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The Big Poor People

But I suppose your mother could never be leavin' Ireland now, John; she's gettin' so old now, maybe she couldn't stand the journey."

"Have no fear about that," John answered; "mother's not so old as you'ld make out, and she's likely to live longer now than some others that's here this minute."

As he said this John felt Kitty's hand suddenly holding his closer, and he knew that he ought not to have said it. "Don't mind what I'm sayin'," he said to her in a whisper; "I dunno what I'm talkin' about, but I didn't mean you at all, darlin', nor anybody particular. It'll all come right somehow, and we'll soon see the roses back in your cheek, and the smile on your lips, and the light in your eyes. Don't mind what I said."

"But what's the use talkin' of it at all?" said Peter. "You've no money and we've less. We might as well be talkin' of goin' to the moon as to the States."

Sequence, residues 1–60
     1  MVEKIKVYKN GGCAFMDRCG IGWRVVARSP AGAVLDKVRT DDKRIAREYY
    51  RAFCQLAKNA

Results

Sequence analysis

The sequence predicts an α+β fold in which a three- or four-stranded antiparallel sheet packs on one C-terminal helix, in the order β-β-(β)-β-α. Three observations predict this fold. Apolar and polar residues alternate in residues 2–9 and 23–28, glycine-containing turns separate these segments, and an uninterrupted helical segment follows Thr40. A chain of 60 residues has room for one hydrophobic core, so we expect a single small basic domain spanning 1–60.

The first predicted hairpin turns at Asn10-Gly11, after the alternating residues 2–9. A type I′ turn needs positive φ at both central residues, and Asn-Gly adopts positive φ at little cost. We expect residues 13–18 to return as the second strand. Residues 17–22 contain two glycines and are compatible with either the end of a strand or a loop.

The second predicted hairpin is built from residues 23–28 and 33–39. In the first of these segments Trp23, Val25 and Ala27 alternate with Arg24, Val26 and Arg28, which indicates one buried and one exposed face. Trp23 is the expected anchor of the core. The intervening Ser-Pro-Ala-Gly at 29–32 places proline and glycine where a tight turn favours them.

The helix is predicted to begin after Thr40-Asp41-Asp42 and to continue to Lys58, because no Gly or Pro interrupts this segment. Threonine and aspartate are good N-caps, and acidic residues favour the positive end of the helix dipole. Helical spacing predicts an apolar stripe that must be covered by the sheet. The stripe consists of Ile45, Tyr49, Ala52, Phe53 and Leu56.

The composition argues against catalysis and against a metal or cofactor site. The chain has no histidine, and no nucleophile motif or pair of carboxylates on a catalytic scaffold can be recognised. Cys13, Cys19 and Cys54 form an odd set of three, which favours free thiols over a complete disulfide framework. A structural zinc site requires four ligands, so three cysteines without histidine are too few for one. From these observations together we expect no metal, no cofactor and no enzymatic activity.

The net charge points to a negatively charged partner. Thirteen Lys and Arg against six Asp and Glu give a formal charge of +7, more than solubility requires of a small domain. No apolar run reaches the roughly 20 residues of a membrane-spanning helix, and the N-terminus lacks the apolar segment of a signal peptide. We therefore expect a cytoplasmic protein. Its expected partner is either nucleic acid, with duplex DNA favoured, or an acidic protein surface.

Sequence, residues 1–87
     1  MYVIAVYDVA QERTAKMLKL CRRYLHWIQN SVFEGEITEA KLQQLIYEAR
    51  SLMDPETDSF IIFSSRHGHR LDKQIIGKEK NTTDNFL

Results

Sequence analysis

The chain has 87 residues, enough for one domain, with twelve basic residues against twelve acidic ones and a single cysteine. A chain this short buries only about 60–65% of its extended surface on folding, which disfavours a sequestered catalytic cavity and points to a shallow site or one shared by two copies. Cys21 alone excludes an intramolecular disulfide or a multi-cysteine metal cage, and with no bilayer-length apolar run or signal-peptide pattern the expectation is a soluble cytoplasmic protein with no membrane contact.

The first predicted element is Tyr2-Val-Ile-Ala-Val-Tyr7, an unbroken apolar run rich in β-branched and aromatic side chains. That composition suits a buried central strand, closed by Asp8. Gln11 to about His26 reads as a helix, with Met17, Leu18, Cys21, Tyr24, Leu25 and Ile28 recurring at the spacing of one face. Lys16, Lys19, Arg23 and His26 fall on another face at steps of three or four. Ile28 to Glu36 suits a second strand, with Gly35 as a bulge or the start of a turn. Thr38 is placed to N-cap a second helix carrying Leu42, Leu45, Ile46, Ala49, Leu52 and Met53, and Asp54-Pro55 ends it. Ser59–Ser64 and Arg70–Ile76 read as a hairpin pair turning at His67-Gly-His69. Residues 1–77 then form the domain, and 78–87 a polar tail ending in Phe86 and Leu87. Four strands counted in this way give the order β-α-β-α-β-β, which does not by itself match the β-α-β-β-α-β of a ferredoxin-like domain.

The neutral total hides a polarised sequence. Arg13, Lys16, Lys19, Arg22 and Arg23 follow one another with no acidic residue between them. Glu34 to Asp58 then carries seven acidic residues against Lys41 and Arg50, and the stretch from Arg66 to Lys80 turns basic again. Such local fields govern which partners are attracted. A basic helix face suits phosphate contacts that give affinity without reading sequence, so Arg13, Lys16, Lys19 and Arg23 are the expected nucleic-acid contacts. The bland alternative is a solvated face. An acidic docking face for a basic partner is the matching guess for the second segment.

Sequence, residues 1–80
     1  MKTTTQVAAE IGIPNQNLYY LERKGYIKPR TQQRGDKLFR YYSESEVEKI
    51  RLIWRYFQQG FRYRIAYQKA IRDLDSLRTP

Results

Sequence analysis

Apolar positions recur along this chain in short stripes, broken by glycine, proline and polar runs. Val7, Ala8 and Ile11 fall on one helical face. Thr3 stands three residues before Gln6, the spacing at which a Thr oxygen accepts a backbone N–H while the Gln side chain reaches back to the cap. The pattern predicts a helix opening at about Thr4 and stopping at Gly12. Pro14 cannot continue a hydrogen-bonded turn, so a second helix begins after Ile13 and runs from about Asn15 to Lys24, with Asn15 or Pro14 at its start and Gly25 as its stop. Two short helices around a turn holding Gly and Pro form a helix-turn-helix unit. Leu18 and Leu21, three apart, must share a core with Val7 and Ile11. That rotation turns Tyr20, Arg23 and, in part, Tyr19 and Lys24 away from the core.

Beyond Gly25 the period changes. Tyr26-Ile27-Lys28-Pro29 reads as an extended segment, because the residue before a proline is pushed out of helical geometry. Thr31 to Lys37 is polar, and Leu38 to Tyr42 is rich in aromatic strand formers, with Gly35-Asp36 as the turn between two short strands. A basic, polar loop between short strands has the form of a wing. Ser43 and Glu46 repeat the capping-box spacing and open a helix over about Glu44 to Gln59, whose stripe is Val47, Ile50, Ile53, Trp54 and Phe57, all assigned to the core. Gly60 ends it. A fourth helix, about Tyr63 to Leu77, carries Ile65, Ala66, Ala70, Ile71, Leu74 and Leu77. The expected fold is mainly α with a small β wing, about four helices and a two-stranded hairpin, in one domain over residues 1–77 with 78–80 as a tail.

The old woman did not seem to be paying any attention to what the others were saying, and now nobody at all said anything for a little while. Then Mrs. O'Brien began: "John and Kitty, I think sometimes it's true I'm getting old and foolish. I don't know what has made me talk the way I have to-night I've seen it coming—oh, I've seen it coming all along—yes, longer than any one of you has seen it—and I knew I couldn't stand in the way. And yet to be leaving the old places—the old fields and hills and paths—the old streams and trees and rocks—the old places where your father and I walked and sat and talked so often together, where you were born and where he lies—I couldn't bear to think of it. It's old and weak and foolish I'm getting, and I couldn't bear to think of it. And so I've tried to make you think of other things and to make you think that it would be better somehow, some time. Maybe I've said too much, and maybe I've kept you from going when you ought to have gone, but you'll know that it was because I couldn't bear to think of leaving all the dear places, and you'll forgive me; John and Kitty, you'll forgive me.

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